I am a live in caregiver for an 86 year old possible dementia patient

Posted , 5 users are following.

This discussion has been locked due to a period of inactivity. Start a new discussion

She has not been technically diagnosed but she changed her dosage of her insulin because she thinks someone told her to. If either myself or a family member discusses an issue with her she will repeat the same conversation to us as if shes the only one that knew about it. Her husband does not think its a problem even though he witnesses this behavior. I welcome any input as to whether this could be dementia.

0 likes, 9 replies

Report

9 Replies

  • Posted

    Hi Lynn,

    It does sound as if it could be the beginnings of dementia. But then again, everyone's memory and cognitive powers decline with age, so it could just be that. This is especially true of people forgetting who's told them something, or repeating things they've already told someone about. I do things like that and I'm only 73! I know a bit about it. I dealt with my mother's dementia for the last 9 years of her life, looked after a friend with dementia for 6 years (also the last years of her life), as well as helping out a bit with my aunt and a friend's mother.

    However, the insulin business sounds more serious. Have you tried sitting down quietly with her - preferably with hubby out of the way - and asking her if she can remember who told her to change the dose? If she's vague about it, maybe you could talk about how potentially dangerous it is, to see if she understands.

    Dementia generally starts quite subtly, and it's common for close family members not to notice - or maybe not to want to notice. This is especially true when the spouse is elderly too, and perhaps also starting to have cognitive problems.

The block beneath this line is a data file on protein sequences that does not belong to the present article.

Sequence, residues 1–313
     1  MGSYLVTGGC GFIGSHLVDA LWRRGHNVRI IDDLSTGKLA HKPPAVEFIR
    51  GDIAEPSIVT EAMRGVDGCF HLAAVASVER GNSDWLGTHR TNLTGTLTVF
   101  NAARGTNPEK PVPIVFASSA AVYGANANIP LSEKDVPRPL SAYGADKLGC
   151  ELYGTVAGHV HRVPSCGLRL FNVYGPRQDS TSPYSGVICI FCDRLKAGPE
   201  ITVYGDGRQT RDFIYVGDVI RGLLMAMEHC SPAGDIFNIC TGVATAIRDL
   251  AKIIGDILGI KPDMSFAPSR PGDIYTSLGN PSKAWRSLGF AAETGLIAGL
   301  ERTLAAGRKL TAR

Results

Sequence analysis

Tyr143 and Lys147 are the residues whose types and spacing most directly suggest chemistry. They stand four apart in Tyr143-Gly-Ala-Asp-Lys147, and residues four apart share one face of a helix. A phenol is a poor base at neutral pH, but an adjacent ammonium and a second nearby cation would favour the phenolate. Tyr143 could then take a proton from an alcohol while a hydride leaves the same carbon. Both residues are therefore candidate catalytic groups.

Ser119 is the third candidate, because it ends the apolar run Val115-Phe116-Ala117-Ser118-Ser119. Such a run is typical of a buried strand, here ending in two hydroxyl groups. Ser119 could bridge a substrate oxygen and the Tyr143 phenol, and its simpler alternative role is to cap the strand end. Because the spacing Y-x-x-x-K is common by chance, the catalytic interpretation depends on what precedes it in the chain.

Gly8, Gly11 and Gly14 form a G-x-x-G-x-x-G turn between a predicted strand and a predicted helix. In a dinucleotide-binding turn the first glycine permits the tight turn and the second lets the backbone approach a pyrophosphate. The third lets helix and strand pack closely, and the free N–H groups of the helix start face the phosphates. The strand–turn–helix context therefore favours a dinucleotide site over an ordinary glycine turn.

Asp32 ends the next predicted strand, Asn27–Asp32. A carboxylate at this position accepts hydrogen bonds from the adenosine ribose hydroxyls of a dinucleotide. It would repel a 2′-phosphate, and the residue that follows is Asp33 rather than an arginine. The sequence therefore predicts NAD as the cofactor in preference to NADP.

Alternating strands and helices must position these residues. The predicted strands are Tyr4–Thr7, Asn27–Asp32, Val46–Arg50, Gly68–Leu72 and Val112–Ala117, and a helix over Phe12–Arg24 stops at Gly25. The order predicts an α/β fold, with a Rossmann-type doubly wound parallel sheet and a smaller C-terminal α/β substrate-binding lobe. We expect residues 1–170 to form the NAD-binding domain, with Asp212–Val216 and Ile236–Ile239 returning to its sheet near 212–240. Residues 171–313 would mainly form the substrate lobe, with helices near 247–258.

I'm wondering whether you've talked to younger family members about her changing the dose of her insulin. I assume from what you say that she's still administering it herself. It sounds to me as if this aspect is a bit too much responsibility for a caregiver (even a paid one) to take on without support from the family.

    I think you need to keep the wider family in the loop while continuing to observe her behaviour carefully. Maybe keep some kind of journal of events. This could be helpful if the family decide to call in medical advice, and it will also cover you in the event your lady does something really stupid with her insulin and harms herself.

    Report
    • Posted

      Hi Lily,

      Thanks so much for your advice. I have included her children and grandchildren, her husband as well. I am also keeping a journal.

      I did try talking to her when we were alone and got nowhere. The problem is that her husband knows but just doesn't choose to do anything about it. Unfortunately I believe it's going to take a catastrophic event to get their attention.

      Report
    • Posted

      Sadly Lynn, I think you're right about the catastrophic event. This is the kind of thing that often brings increasing dementia into focus, both with the family and health and social services. It's most commonly a fall, but is just as likely to be a hypoglycaemic attack or even a diabetic coma in the case of your lady. I'm assuming you have enough medical knowledge to differentiate between the two and give first aid for the initial signs of hypoglycaemia.

      There's actually not much you can do about this situation, apart from keeping the wider family informed (preferably in writing from time to time) as to the evolution of the lady's dementia. Even if this doesn't help her, it will cover you against possible recriminations from the family in the event of something going badly wrong.